Funding boost for chips that could help to fuel AI advancements
New funding and support has been unveiled to back British scientists working on chip development, which could power advancements in AI and underpin the technologies needed to reach net zero.
To mark the Department for Science, Innovation and Technology's first anniversary, two new research hubs in Southampton and Bristol have received funding to enhance research in silicon photonics and compound semiconductors.
Semiconductors play a crucial role in nearly every electrical device globally, from mobile phones to medical equipment. They are fundamental to future technologies in net zero, AI, and quantum and are increasingly recognised as strategically significant on a global scale.
During his visit to the Southampton centre, the Minister for Tech, and the Digital Economy, Saqib Bhatti, stated: "This investment marks a crucial step in advancing our ambitions for the semiconductor industry, with these centres helping bring new technologies to market in areas like net zero and AI, rooting them right here in the UK.
“Just nine months into delivering on the National Semiconductor Strategy, we’re already making rapid progress towards our goals. This isn’t just about fostering growth and creating high-skilled jobs, it's about positioning the UK as a hub of global innovation, setting the stage for breakthroughs that have worldwide impact.”
Each site, with an investment of £11 million, will facilitate the translation of scientific research into business opportunities. They will support promising research and projects, providing researchers with access to leading-edge prototyping technology, which is essential for testing complex designs, and helping early-stage companies through training, workshops, and vital industry contacts to ensure readiness for market launch.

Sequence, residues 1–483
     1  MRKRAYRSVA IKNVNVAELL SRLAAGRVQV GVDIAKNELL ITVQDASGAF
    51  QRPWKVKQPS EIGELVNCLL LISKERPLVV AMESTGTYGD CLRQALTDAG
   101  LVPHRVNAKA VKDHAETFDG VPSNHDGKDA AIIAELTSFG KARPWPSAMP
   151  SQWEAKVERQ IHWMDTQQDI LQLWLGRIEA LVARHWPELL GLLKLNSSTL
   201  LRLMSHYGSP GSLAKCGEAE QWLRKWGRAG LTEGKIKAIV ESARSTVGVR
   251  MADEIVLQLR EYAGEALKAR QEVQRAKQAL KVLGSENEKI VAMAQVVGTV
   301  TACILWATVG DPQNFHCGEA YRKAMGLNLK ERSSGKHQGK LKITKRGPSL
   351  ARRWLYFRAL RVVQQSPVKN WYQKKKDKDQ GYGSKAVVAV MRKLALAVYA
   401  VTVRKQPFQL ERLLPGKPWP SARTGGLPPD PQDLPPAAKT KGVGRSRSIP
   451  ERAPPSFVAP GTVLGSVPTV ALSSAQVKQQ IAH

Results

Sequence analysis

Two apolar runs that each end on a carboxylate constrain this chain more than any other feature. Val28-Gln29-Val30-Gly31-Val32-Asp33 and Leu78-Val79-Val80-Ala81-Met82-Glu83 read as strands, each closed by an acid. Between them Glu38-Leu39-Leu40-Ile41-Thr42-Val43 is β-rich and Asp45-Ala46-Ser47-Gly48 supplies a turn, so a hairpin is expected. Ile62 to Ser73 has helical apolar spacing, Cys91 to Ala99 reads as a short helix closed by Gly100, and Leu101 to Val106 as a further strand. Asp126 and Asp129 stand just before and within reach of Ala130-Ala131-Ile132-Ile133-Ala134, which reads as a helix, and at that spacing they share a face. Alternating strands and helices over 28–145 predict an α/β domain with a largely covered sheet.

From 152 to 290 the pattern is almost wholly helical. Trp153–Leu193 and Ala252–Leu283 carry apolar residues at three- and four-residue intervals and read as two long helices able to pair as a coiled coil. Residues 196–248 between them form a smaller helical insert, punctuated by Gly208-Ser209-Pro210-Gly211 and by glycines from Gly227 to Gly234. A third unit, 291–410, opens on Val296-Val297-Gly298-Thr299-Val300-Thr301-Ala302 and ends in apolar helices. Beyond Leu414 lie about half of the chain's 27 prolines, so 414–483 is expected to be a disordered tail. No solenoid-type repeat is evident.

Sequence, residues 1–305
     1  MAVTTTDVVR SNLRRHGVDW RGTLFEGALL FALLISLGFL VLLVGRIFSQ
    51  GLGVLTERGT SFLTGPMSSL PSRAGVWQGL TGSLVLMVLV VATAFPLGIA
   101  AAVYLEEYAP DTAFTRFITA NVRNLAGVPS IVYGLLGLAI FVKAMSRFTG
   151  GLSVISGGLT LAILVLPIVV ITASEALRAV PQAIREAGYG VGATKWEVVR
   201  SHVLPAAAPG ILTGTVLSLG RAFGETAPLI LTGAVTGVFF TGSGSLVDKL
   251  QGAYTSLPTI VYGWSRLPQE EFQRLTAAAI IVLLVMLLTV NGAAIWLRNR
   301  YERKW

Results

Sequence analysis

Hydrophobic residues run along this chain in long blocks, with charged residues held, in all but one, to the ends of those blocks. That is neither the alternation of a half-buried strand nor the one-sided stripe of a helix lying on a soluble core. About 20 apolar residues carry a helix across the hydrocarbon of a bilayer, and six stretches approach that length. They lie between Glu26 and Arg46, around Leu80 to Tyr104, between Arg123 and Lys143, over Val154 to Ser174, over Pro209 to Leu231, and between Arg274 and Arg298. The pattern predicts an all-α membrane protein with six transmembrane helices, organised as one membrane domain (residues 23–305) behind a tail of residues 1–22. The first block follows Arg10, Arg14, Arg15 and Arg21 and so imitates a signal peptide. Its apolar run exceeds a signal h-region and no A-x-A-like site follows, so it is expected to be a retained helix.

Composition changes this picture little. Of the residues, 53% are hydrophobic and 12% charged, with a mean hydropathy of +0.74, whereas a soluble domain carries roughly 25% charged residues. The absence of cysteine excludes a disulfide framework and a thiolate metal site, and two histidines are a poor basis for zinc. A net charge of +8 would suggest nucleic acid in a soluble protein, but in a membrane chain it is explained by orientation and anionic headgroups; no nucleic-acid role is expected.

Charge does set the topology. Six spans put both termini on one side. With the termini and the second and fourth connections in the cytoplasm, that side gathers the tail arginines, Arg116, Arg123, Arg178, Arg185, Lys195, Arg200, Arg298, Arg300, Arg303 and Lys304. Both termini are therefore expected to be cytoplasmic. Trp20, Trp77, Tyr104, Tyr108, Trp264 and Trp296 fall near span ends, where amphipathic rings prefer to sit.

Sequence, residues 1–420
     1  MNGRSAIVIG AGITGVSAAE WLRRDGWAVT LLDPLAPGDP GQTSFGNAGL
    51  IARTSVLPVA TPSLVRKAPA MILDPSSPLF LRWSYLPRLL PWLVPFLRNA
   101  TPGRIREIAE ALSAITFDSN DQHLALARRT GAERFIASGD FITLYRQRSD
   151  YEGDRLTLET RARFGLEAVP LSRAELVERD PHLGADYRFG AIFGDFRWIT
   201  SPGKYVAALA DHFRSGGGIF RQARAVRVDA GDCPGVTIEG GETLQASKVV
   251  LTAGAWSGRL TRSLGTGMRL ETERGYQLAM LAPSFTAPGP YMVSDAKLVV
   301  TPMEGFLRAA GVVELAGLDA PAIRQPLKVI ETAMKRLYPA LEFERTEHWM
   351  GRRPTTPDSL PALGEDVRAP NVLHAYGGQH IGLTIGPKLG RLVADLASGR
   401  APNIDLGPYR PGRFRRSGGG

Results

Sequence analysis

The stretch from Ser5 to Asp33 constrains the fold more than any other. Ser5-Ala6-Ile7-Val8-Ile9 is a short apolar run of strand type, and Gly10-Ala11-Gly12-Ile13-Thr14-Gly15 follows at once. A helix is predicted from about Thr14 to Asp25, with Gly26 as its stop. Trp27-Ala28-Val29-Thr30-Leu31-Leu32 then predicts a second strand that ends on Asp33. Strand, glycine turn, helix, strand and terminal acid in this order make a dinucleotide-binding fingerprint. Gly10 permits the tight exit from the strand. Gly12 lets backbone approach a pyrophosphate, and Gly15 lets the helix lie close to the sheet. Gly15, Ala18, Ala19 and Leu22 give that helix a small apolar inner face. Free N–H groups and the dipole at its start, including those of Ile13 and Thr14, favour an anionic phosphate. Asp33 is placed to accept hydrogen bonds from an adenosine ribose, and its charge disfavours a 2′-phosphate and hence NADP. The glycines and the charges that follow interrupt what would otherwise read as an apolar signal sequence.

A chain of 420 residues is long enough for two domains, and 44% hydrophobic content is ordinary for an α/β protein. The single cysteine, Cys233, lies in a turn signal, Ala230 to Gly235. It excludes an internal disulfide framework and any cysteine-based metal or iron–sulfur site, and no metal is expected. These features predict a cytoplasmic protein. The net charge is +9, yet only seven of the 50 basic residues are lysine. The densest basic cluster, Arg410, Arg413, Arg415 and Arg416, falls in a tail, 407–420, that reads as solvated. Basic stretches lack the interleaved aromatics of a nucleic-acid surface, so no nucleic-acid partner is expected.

The ‘Cornerstone’ Information and Knowledge Centre in Southampton will expand on the University's expertise in silicon photonics, an innovative semiconductor research area using light to transmit information, resulting in much faster chips than traditional semiconductors.
Professor Graham Reed, a leading silicon photonics researcher who will head the Cornerstone facility, said: “The CORNERSTONE IKC will unite leading UK entrepreneurs and researchers, together with a network of support to improve the commercialisation of semiconductors and deliver a step-change in the silicon photonics industry.”
An additional £4.8 million in funding for 11 semiconductor skills projects nationwide aims to enhance talent across all educational levels, from school to university and beyond. This initiative will not only increase awareness of the semiconductor industry but also address significant gaps in the UK's workforce talent and training framework.
These centres will contribute to the objectives of the government’s £1bn National Semiconductor Strategy, a 20-year plan that outlines how the government will promote the UK's strengths and skills in design, R&D, and compound semiconductors.
This investment demonstrates the government's dedication to collaborating with the industry to support the semiconductor sector and achieve the National Semiconductor Strategy's goals, building on the UK's strengths to expand the sector.